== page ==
After the end of formation process, the cells were subjected to three charge/discharge cycles at a 0.05 Cn rates in order to determine the capacity of the cell. The discharge and procedure was described in the “Formation and testing of cells” section. In the first cycles, the capacity of the cell varies between 105 and 109% of the calculated nominal capacity of the cell (43.2 Ah), which gives an average value of about 46 Ah. The average value shows that plates have been formed completely and the electrical capacity of active mass deposited on porous carbon (RVC) is higher in comparison to deposits on standard lead alloy grids.

Performance of the lead-acid cells during different discharging procedures

The charge-discharge test was performed using 0.05 Cn, 0.1 Cn, and 0.2 Cn discharge currents. The battery discharging and charging procedure has been described in detail in the “Formation and testing of cells” section. The cell capacity during the discharge cycle was limited by the positive electrode due to lower electrical density of PAM capacity (Ah kg−1) in comparison to NAM.

Figure 3 shows the discharge performance at different rates of the 2-V lead-acid cell with RVC-based electrodes. Figure 3a presents the semilogarithmic plot of the cell voltage changes during the discharge. Figure 3b shows the dependence of cell voltage on its discharge capacity during discharging process at different discharge rates. At the lowest rates, cell voltage and capacity have the highest values. At 0.05 Cn, 0.1 Cn, and 0.2 Cn discharge rates, the capacities of the cell in comparison to nominal capacity are 117, 86, and 58%, respectively. Figure 3a, b indicates that higher drain rates result in the reduction of the cell voltage and capacity. This effect is typical for all kind of batteries, also for classical SLI lead-acid batteries, the difference between battery capacity with the decreasing rate discharge from 0.2 Cn to 0.05 Cn is similar. It has to be noted that thickness of plates used in new batteries is three–four times higher (5–6 mm) in comparison to traditional lead-acid battery and the expected overpotential connected with the concentration polarization should grater but the charge distribution efficiency in the active material due to 3D structure of RVC matrix compensate this effect.
Fig. 3

Discharge performance characteristics of the lead-acid cell with RVC-based collectors at different rates, cell voltage is plotted versus discharge time (a) and discharge capacity (b)

Figure 4 shows the changes in capacity of the lead-acid cells with RVC/Pb grids during first nine cycles with different rates of discharging. After the first three cycles at discharging rate at 0.05 Cn, the fourth discharging rate was taken at 0.1 Cn. The average cell capacity calculated from these first three cycles was ca. 46 Ah. The cell capacity during the fourth cycle with higher discharge rate of 0.1 Cn was 37 Ah. It is interesting that capacity of the cell determined in the fifth cycle at discharging current 0.05 Cn exceeded 50 Ah (50.3 Ah) which means that during the fourth cycle some reorganizations inside active mass take part—these are the continuation of the formation process. The sixth and eighth discharges were taken at higher 0.2 Cn rate and calculated cell capacity was 25.0 and 28.5 Ah respectively. Every time after returning to lower discharging rates at 0.05 Cn, the cell capacity was close to average value after the first three cycles. It can be seen from all the cycling sets that the cell performs well with a good cycling stability and its capacity was relatively high. The largest discharge capacity of the cell was 50.3 Ah (116%) at 20 h discharge rates. The capacity was ca. 45.4 Ah initially, and ca. 46.7 at the end of the ninth cycle at 0.05 Cn discharge rates. The cell capacity during the initial cycles does not change significantly.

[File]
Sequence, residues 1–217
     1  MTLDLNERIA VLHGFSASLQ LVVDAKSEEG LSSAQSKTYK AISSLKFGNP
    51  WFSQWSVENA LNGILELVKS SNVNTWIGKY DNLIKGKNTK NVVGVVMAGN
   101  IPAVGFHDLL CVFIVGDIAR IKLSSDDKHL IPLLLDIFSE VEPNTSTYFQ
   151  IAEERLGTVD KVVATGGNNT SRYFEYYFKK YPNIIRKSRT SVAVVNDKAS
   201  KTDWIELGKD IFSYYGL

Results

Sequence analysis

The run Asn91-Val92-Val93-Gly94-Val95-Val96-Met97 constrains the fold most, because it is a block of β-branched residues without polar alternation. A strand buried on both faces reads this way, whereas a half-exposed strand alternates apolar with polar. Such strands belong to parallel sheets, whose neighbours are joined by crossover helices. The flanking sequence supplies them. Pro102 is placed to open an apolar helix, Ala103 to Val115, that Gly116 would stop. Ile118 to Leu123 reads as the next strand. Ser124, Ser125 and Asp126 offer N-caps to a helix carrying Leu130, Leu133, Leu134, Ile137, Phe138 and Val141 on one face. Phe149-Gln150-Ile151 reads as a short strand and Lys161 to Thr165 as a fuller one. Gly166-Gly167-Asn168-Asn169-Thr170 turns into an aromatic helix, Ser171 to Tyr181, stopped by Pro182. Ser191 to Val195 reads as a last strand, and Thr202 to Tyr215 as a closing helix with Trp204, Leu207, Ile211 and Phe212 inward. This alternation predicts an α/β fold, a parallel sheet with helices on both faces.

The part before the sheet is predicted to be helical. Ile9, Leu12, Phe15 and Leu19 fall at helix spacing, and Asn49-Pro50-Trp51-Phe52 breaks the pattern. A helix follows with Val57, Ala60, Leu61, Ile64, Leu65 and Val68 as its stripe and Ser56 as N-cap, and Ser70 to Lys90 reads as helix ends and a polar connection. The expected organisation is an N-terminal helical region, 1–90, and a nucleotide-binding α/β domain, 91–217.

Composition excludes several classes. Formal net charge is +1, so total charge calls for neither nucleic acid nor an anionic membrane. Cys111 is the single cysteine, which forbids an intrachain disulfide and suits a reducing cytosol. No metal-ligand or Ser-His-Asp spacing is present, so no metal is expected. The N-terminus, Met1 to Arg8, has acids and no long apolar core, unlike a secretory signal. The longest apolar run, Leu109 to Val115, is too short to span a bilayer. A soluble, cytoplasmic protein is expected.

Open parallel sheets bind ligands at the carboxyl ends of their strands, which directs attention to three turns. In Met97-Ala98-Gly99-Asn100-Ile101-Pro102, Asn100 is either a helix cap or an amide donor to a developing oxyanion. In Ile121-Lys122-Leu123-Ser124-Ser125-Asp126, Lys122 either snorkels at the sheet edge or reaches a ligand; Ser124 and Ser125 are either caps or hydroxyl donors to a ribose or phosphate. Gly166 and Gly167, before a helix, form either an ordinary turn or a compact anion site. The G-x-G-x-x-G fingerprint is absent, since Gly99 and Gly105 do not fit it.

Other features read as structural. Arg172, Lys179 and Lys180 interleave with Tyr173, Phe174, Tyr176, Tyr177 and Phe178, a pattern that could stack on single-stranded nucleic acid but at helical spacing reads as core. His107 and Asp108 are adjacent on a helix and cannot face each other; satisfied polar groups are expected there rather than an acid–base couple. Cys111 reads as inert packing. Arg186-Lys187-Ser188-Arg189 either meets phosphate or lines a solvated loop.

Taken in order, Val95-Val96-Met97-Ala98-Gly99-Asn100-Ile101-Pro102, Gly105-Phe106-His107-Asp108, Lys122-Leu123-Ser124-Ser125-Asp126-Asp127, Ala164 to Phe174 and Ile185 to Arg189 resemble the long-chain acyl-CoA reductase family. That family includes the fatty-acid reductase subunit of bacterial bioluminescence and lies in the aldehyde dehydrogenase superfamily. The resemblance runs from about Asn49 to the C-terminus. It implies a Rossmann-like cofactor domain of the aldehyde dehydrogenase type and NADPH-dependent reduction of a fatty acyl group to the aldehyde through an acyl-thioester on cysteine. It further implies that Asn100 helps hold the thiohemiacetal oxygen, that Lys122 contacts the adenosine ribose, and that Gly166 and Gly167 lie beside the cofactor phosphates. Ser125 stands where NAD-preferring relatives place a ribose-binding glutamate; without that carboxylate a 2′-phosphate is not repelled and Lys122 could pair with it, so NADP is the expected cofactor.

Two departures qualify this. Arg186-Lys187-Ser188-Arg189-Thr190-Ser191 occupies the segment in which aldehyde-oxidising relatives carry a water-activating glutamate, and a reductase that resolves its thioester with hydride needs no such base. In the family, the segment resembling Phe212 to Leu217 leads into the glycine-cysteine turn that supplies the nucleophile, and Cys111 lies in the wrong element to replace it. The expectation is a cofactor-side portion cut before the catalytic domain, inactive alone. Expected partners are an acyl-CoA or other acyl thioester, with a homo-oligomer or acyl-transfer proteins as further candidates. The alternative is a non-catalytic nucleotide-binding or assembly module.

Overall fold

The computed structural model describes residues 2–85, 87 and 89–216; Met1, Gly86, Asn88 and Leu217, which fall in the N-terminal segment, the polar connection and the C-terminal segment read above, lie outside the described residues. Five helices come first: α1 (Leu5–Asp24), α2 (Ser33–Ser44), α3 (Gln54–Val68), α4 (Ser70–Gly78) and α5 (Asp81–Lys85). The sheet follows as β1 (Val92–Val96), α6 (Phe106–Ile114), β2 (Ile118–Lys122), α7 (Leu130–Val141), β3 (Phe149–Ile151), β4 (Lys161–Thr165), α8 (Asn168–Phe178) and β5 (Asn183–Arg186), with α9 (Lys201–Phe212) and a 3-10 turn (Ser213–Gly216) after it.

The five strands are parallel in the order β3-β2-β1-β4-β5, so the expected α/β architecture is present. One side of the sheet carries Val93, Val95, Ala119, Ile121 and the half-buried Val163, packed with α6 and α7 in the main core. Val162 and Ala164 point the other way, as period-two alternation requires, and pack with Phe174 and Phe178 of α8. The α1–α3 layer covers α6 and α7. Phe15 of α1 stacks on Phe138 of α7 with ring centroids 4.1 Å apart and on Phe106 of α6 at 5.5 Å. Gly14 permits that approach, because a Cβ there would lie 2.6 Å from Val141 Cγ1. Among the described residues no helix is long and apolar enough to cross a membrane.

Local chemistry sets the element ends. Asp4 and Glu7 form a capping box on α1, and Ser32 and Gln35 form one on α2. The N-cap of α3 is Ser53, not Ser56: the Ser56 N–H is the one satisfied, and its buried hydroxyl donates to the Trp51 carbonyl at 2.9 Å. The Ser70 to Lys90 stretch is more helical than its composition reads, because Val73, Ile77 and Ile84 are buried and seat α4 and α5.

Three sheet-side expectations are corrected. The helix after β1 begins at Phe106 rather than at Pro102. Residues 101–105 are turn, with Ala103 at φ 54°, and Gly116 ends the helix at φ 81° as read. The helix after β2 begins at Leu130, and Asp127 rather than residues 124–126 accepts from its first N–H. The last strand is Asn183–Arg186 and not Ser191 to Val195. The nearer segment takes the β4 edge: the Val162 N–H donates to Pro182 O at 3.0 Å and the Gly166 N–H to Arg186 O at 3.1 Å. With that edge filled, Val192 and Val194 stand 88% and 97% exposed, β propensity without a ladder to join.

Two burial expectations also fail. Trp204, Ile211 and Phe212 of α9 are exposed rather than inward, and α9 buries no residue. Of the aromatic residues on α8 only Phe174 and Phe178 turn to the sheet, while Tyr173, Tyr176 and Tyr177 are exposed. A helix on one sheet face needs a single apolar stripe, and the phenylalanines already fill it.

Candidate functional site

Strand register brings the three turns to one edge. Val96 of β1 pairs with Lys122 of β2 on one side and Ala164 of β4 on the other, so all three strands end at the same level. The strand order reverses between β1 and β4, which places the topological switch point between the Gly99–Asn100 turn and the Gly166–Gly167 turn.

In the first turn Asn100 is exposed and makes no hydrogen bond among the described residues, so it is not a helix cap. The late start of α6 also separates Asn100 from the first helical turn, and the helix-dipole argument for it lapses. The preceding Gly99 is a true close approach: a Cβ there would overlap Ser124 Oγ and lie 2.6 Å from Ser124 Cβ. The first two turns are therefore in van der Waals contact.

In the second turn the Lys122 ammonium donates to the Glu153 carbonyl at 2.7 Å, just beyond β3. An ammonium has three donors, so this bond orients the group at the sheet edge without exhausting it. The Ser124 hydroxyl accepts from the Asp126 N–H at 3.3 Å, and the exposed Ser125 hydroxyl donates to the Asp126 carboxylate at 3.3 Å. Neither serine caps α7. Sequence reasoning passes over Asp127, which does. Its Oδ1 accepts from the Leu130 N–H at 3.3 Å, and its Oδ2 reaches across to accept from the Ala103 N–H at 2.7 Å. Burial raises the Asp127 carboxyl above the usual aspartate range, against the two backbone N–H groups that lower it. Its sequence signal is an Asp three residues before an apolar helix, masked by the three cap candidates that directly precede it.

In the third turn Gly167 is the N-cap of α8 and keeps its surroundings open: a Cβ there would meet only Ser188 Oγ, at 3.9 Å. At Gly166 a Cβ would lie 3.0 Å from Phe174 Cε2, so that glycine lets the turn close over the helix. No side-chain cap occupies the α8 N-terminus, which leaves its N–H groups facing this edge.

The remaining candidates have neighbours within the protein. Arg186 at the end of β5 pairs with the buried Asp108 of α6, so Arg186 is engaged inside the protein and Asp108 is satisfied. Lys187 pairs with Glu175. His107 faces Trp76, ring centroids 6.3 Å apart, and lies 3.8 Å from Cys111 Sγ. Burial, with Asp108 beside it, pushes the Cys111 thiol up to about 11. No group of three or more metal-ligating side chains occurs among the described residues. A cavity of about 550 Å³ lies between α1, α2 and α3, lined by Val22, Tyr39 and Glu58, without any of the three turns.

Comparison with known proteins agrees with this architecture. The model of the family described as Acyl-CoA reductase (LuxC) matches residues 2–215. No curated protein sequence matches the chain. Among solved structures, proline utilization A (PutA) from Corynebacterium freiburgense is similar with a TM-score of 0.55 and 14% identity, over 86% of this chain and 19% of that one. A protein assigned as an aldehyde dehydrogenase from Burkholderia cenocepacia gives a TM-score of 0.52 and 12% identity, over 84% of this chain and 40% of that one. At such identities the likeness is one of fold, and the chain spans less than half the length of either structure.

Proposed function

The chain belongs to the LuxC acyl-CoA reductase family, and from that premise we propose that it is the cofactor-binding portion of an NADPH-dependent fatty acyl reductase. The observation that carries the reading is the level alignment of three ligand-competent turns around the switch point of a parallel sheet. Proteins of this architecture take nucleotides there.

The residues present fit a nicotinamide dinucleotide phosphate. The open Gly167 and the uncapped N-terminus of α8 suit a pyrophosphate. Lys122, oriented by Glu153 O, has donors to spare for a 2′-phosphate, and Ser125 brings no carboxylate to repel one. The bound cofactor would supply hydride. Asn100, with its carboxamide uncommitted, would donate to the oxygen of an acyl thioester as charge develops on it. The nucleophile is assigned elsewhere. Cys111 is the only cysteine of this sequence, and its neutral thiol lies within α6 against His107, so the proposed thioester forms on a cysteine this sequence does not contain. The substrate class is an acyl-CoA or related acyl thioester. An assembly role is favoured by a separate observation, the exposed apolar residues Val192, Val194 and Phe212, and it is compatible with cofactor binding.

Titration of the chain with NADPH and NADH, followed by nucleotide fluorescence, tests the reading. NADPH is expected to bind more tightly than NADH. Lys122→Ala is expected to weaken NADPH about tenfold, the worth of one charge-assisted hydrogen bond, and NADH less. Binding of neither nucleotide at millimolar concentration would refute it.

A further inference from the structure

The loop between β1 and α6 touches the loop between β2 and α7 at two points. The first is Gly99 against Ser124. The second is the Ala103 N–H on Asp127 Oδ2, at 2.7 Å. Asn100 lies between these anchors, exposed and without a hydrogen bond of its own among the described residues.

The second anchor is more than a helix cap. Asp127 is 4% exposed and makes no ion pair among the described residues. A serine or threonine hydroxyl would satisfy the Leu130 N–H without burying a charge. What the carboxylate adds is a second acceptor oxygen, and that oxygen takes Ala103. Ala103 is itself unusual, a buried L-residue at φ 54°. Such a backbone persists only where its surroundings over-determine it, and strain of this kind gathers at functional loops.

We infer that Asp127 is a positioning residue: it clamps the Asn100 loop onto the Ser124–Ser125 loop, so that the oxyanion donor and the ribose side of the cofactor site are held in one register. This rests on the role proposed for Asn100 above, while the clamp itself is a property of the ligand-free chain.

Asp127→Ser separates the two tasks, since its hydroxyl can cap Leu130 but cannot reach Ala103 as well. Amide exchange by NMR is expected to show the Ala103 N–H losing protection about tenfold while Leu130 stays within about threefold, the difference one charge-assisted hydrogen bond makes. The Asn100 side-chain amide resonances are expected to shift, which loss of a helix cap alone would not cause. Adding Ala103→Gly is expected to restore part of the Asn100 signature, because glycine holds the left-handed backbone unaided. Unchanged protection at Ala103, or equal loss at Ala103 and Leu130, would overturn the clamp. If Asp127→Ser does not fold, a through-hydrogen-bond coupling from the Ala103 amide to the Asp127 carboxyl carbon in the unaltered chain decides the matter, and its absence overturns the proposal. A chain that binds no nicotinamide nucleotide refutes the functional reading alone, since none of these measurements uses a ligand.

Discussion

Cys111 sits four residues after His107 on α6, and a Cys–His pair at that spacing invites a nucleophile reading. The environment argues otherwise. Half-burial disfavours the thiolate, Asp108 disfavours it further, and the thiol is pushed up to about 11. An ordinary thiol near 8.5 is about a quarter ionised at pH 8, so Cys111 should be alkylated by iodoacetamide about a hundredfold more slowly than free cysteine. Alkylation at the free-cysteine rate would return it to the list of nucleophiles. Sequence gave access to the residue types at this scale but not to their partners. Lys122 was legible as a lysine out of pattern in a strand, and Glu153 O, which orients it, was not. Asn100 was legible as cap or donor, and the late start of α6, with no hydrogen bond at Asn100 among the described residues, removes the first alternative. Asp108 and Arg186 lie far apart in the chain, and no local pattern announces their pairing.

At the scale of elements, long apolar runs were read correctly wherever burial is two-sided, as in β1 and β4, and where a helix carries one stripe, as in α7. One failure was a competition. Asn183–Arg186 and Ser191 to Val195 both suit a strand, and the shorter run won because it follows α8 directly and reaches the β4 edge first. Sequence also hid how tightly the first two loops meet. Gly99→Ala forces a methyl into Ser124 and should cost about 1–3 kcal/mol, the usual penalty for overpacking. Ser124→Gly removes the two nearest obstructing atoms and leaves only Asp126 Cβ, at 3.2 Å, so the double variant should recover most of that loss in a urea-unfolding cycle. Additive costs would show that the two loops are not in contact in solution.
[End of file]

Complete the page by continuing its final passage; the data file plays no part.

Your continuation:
Fig. 4

Evolution of the initial discharge capacity during the cycling (cyclic work) of the lead-acid cell with RVC/Pb plates

The discharge performance of a cell based on CPC material was also tested. It was a smaller cell, with nominal capacity of 2.2 Ah.

In Fig. 5 Peukert’s dependency for the CPC cell is shown. It reached 107% of nominal capacity during 0.1 Cn discharge, 67% for 1 Cn discharge and 30% for 3 Cn discharge. These results are an improvement over the RVC cells and are similar to values obtained by good lead grid-based batteries. This increase in the capacity is a consequence of better conductivity of the used carbon material, CPC. From the obtained results, a parameter n was calculated, according to Peukert’s equation  K = Int, where I is the discharge current, t is the discharge time and K and n are empiric constants. The calculated value of n is equal to 1.30, which shows that cells with reticulated carbon collectors even during high-current discharge can reach similar capacities as standard lead-acid batteries. The n parameter for lead-acid batteries is usually between 1.1–1.4 [48] and even for modern constructions it stays in 1.25–1.30 range [49, 50].
Fig. 5

Peukert’s dependency for a 2-V CPC-based cell, nominal capacity 2.2 Ah

The cycle life of a 2-V cell and a 12-V battery with RVC/Pb-based cells

Figure 6 shows the cycle life of a smaller cell with RVC/Pb grids. The nominal capacity of this cell was 3.4 Ah.
Fig. 6

Cycle life of a small 2-V RVC/Pb-based cell, nominal capacity 3.4 Ah

This cell had initial capacity exceeding the nominal one, reaching even 130%. As expected for lead-acid cells, the capacity was gradually decreasing with the number of completed cycles. It finished almost 200 cycles before failure, when the capacity dropped rapidly below 10%. The final capacity drop was probably caused by the corrosion of lead electrodeposited on the carbon collectors in positive plates. Nevertheless, this result shows that the cell with the RVC/Pb grids can complete many charge/discharge cycles and is comparable in this regard to characteristics of standard lead-acid cells.